The concept behind privilege given by reporters is that, journalists have limited rights to the First Amendment in not forcing them to reveal their informant or source for the news in court. So for example, if there was a car accident they have reported, and talked to some witnesses such as heavy duty towing who were first in the scene, they have all the rights to not reveal the information in front of court.

Levelling the Ground

Journalists are relying on confidential sources in writing stories that matter to the public. There are a lot of reporters who believe that First Amendment is what safeguards them from testifying before grand jury in relevance to their sources and have their role as objective observers and neutral watchdogs.

As per the Reporters Committee for Freedom of the Press, courts initially supported the concept that people can refuse in testifying when there’s determination that the society’s interest outweighs the requirement for a full evidence disclosure.

Recognizing Reporter’s Privileges

Again from the same committee, state constitutions, common law as well as state courts have exercised 3 options in this matter.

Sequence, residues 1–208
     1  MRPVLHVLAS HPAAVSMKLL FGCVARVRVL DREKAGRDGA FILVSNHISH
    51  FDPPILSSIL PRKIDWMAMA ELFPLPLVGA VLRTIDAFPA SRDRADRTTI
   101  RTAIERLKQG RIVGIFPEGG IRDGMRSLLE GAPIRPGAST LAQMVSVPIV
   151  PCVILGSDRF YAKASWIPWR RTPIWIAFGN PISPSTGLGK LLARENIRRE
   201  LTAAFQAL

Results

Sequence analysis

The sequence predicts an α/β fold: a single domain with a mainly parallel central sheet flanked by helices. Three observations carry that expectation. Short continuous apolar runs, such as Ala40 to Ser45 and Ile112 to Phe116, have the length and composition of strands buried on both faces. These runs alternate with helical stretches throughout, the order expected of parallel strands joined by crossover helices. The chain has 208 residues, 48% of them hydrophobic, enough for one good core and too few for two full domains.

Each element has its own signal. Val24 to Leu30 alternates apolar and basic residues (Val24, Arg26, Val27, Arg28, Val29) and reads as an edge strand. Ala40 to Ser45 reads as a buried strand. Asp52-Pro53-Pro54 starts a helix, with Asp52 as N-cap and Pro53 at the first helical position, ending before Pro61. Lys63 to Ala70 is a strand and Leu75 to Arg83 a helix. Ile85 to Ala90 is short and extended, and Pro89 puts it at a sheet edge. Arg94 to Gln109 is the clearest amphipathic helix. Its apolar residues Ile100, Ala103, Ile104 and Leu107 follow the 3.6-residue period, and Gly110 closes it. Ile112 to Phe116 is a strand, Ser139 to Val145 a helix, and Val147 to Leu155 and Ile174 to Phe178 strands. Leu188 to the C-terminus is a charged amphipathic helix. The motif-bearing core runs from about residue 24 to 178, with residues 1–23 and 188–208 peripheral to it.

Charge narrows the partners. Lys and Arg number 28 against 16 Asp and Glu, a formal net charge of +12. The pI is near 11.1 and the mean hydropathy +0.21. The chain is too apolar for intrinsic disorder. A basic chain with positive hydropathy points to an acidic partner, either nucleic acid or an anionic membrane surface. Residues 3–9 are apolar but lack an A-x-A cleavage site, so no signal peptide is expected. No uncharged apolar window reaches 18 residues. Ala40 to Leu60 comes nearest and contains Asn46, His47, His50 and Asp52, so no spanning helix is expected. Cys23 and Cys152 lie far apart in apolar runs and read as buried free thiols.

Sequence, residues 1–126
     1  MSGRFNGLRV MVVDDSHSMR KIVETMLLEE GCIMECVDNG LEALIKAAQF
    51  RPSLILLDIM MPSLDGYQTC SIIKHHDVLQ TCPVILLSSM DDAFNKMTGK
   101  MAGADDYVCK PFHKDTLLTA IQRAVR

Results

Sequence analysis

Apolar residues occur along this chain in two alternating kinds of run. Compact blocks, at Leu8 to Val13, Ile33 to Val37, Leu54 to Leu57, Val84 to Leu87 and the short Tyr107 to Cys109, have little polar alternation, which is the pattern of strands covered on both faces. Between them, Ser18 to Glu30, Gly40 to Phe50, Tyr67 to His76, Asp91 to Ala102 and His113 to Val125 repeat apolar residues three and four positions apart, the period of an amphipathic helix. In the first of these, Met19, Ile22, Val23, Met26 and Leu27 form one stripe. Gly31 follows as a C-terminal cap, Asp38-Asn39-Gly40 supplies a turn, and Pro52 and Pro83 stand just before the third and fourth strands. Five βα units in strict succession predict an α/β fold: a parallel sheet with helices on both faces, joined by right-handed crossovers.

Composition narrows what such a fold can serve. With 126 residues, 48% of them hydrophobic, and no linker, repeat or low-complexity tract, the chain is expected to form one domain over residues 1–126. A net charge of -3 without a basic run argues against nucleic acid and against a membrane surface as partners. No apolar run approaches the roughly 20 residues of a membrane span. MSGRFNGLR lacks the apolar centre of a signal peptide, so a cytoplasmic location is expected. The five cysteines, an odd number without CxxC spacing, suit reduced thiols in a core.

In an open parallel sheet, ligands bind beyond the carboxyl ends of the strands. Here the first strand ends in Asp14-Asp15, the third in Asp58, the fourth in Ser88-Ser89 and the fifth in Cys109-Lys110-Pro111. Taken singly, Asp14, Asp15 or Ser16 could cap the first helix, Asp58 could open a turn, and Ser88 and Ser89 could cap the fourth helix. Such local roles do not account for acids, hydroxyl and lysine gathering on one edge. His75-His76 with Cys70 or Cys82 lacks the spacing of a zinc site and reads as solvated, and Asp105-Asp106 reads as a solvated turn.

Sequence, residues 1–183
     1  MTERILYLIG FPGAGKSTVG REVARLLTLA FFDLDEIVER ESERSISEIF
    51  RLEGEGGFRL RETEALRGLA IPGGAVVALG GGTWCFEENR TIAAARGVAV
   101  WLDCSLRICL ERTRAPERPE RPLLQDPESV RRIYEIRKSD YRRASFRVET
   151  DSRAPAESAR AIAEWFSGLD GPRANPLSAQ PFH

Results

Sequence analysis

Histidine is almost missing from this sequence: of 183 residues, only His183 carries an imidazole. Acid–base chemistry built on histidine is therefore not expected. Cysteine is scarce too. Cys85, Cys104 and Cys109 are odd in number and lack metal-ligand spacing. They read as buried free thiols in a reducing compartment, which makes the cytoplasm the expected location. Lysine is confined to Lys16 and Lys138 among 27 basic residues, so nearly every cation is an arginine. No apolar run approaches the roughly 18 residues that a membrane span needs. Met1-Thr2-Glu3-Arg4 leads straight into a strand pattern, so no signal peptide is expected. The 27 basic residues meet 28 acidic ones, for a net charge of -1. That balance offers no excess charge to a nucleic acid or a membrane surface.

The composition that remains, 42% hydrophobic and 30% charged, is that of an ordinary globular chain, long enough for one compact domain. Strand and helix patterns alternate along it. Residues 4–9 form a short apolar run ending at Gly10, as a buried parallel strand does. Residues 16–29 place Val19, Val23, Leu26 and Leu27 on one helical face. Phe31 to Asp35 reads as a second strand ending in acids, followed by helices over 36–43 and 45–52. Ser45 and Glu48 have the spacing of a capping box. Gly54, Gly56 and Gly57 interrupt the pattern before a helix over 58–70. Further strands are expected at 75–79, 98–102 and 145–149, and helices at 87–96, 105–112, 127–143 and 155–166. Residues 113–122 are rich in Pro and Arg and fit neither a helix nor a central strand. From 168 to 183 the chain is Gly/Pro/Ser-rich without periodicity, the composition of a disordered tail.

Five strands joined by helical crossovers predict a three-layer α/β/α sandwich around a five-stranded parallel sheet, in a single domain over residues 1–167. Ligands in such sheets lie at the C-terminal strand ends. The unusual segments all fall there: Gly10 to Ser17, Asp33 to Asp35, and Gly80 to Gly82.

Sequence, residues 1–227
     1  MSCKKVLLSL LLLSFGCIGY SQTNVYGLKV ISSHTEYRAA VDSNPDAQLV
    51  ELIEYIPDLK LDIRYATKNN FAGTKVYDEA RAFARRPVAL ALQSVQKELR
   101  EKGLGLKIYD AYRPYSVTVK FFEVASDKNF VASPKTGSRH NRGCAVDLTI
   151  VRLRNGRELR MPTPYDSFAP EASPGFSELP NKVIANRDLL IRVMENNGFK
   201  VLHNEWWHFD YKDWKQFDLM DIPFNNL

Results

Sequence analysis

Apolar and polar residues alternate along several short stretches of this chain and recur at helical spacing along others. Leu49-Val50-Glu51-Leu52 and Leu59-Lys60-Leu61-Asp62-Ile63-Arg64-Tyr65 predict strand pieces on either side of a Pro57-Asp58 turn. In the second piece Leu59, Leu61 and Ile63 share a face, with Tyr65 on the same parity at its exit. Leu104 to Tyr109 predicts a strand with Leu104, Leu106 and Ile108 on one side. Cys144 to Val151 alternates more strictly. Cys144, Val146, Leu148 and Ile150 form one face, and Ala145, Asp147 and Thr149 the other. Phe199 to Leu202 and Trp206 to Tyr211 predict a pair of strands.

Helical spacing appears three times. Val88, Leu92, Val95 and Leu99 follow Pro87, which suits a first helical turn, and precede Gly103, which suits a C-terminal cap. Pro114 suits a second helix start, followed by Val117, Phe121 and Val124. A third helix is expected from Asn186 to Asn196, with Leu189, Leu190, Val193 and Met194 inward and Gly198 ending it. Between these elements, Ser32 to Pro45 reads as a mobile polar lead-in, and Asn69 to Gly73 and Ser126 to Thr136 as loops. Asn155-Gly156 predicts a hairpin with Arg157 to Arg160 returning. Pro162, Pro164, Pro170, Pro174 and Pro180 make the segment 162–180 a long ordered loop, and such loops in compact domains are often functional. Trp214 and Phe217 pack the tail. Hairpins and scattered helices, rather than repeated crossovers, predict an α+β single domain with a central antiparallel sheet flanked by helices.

• First would be that numerous states recognized the privilege of the reporter under state law. The highest court in New York for instance recognized qualified privilege as per the state’s constitution and protecting both the non-confidential and confidential materials.
  • Second is going to be on the basis of common law, which happens in other states. For instance, Washington State’s Supreme Court recognizes qualified privilege in civil cases before and later, among criminal cases.
  • The last option would be that in some other state courts including New Mexico, they have the ability of creating their own rules procedure.

Not only that, with the absence of court-recognized privilege or the applicable shield law, journalists have been so effective in persuading courts to disregard subpoenas on grounds of general applicable laws, which include state rules of evidence.

For Everyone’s Good

So long as the objective of reporters is for the good of the society and for the protection of its source, shield law can be a powerful tool in revealing the truth that the public has to know.